I just finished a second read-through of my favorite book from 2008, Haven Kimmel's The Solace of Leaving Early. (Side note: Who has parents awesome enough to come up with the name "Haven"? Especially in 1965 in Indiana?) Actually, it was just the second half--I had finished The Flame Trees of Thika and needed a palate-cleanser before Cryptonomicon, and remembered that I'd wandered through the first half a few months back and gotten distracted. I picked it up again. This is the joy of comfort reading: come and go as you please.
I liked Leaving Early the first time around; I loved Langston Braverman (Ph.D. drop-out, impossible, lover of orphaned girls and her dog Germane, as in "germane to the conversation") and Amos Townsend (minister, doubter, constantly getting tangled in tree branches). But I don't think I saw it and I know I didn't get it. I'm not sure I have a proper grasp now, either, but it's starting to take shape, the mass of mothers and children and loss and gain and belief and backwardness, plus the Virgin Mary (Kimmel went to seminary; she's allowed). I almost want to pick it up again now, as it's fresh in my mind, and try to figure out exactly how it's made, how we get from A to B and end with a scene so unexpected and romantic I almost had to put it down this time around. I wonder if I could get it if I just read it one more time? If I could see the strings twisting together?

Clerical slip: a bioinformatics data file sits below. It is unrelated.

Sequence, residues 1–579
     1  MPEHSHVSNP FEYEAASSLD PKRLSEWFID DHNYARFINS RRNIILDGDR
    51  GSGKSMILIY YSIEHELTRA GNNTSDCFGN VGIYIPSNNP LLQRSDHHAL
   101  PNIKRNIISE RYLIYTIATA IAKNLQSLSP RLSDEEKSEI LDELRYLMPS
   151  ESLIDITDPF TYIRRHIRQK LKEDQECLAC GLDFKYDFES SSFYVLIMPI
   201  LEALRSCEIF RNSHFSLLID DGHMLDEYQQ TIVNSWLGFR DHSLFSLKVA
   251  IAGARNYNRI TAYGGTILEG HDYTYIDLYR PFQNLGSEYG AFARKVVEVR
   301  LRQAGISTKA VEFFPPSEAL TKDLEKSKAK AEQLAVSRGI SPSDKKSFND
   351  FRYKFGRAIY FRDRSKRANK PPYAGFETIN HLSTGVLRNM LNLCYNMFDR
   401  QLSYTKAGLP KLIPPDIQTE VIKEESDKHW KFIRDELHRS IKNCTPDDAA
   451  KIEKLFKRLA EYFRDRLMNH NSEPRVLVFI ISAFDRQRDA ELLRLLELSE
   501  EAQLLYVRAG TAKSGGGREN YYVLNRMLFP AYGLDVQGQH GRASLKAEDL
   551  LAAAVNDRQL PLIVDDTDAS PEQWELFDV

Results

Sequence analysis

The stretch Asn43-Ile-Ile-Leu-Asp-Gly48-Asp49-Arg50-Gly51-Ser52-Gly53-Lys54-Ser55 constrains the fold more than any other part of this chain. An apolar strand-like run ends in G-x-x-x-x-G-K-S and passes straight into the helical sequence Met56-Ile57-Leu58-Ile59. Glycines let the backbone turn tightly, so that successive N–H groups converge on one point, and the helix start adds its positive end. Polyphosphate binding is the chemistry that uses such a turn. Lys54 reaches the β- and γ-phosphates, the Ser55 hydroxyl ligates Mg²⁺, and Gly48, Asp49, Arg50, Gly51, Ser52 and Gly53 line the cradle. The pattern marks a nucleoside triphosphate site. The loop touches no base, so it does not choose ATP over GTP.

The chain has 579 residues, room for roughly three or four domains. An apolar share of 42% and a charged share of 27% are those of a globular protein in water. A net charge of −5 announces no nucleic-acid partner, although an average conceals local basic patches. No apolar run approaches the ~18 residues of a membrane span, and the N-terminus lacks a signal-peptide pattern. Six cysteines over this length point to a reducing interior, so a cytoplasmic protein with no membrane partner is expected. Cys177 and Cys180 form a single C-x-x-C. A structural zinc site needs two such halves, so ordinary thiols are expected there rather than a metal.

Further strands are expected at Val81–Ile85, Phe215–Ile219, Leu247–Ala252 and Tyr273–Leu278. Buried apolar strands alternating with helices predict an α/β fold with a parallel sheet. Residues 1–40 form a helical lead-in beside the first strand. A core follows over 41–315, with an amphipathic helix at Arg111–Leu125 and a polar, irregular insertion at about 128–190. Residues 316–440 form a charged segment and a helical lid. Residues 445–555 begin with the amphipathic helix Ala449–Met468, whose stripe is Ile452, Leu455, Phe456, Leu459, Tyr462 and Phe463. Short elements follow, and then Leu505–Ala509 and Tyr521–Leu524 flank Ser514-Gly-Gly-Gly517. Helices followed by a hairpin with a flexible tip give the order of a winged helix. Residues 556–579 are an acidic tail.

In the mean time, I continue to not read Cryptonomicon and have started The History of Love, of which I do not know what to make.